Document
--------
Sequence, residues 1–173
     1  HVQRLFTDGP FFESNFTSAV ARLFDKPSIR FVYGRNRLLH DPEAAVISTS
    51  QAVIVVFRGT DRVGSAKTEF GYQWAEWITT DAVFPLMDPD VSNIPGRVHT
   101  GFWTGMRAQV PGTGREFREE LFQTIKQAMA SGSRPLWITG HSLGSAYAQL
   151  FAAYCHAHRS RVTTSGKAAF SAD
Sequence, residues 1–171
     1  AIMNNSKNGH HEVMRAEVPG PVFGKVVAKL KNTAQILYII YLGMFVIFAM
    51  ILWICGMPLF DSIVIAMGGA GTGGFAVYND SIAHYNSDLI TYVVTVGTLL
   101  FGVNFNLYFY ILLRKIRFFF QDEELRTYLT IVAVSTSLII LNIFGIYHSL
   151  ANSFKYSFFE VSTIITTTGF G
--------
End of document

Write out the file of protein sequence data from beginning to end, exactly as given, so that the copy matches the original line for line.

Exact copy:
Sequence, residues 1–173
     1  HVQRLFTDGP FFESNFTSAV ARLFDKPSIR FVYGRNRLLH DPEAAVISTS
    51  QAVIVVFRGT DRVGSAKTEF GYQWAEWITT DAVFPLMDPD VSNIPGRVHT
   101  GFWTGMRAQV PGTGREFREE LFQTIKQAMA SGSRPLWITG HSLGSAYAQL
   151  FAAYCHAHRS RVTTSGKAAF SAD
Sequence, residues 1–171
     1  AIMNNSKNGH HEVMRAEVPG PVFGKVVAKL KNTAQILYII YLGMFVIFAM
    51  ILWICGMPLF DSIVIAMGGA GTGGFAVYND SIAHYNSDLI TYVVTVGTLL
   101  FGVNFNLYFY ILLRKIRFFF QDEELRTYLT IVAVSTSLII LNIFGIYHSL
   151  ANSFKYSFFE VSTIITTTGF G